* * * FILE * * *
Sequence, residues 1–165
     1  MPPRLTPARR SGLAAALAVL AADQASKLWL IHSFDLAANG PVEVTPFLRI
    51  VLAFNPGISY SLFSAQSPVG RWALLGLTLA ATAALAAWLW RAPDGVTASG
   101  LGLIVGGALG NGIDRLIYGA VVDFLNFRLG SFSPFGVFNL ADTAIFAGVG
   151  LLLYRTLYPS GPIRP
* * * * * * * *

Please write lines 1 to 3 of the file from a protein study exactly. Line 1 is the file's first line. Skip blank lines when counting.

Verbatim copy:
Sequence, residues 1–165
     1  MPPRLTPARR SGLAAALAVL AADQASKLWL IHSFDLAANG PVEVTPFLRI
    51  VLAFNPGISY SLFSAQSPVG RWALLGLTLA ATAALAAWLW RAPDGVTASG